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IBM iDataPlex  (Source: IBM)
IBM says new blade server can be run at room temperature with liquid cooling

The move towards "greener" pastures in the IT industry is heavily advocated by IBM. Not only do green initiatives in the data center help the environment but the reduced power needs can also save corporations significant sums of money.

IBM introduced a new category of server for Web 2.0 computing today called the iDataPlex system. IBM says that companies running scale-out data centers consume as much as 10 to 30 times more energy costs per square foot than similar office buildings not running a data center. The additional energy used by the companies is not only for running the computers, but also for running the air conditioning system required to keep the data center running.

The new iDataPlex system uses IBM’s blade server system in a new design that IBM claims more than doubles the number of systems that can be run in a single IBM rack. The new server also uses 40% less power while providing five times as much computing power. The server also uses all industry standard components and open source software to cut costs.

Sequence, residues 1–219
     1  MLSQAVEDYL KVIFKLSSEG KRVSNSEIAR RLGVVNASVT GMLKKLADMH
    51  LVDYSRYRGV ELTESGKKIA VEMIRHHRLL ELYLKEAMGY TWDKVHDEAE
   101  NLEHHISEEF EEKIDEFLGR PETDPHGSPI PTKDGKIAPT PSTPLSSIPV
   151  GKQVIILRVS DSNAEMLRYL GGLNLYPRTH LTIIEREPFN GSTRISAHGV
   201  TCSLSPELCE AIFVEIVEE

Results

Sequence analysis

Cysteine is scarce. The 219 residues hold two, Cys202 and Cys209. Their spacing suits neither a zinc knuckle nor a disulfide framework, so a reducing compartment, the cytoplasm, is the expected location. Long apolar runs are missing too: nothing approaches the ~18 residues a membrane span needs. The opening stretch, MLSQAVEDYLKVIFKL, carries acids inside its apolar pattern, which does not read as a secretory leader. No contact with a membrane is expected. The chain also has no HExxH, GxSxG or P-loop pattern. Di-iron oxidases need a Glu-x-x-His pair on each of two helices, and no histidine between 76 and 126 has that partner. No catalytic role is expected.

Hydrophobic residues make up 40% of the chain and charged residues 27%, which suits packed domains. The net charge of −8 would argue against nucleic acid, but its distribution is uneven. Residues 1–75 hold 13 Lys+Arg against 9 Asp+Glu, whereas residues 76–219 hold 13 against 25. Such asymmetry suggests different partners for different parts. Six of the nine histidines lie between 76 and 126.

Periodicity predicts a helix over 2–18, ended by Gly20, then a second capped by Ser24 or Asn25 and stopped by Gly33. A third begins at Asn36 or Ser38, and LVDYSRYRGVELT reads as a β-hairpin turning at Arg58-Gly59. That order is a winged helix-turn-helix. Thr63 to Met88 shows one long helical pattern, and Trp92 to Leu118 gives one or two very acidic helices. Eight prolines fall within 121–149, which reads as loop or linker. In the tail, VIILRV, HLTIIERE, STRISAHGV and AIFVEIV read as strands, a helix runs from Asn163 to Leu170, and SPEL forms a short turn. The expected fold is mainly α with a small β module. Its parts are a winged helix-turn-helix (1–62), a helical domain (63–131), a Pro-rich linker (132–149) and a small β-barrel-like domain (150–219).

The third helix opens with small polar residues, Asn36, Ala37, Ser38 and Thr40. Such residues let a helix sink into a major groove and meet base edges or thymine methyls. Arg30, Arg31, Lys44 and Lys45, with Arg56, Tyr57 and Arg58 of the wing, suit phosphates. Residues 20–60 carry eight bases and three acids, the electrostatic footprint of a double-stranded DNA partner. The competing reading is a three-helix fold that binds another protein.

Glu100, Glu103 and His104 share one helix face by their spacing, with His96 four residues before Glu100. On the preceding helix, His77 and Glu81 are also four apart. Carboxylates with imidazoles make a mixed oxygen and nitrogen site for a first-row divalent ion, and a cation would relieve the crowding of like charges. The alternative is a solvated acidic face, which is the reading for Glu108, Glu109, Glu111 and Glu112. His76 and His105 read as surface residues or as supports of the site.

The iDataPlex can also be fitted with a liquid cooled wall on the rear of the rack to allow it to operate at room temperature. IBM also introduced liquid cooling in its supercomputer line recently with the launch of the Power 575. The new iDataPlex will be available in June in the U.S. and Canada with a global launch by the end of 2008.

IBM Financial announced at the same time that it would be offering financing to help customers put the new iDataPlex servers in use in their data centers. John Callies, general manager of IBM Global Financing said in a statement, “IBM Global Financing offers an end-to-end solution for customers looking to access the new IBM iDataplex technology. From acquisition to disposal, IBM Global Financing can be there to help Web 2.0 customers and other segments with high performance environments access these benefits.”





"Well, we didn't have anyone in line that got shot waiting for our system." -- Nintendo of America Vice President Perrin Kaplan
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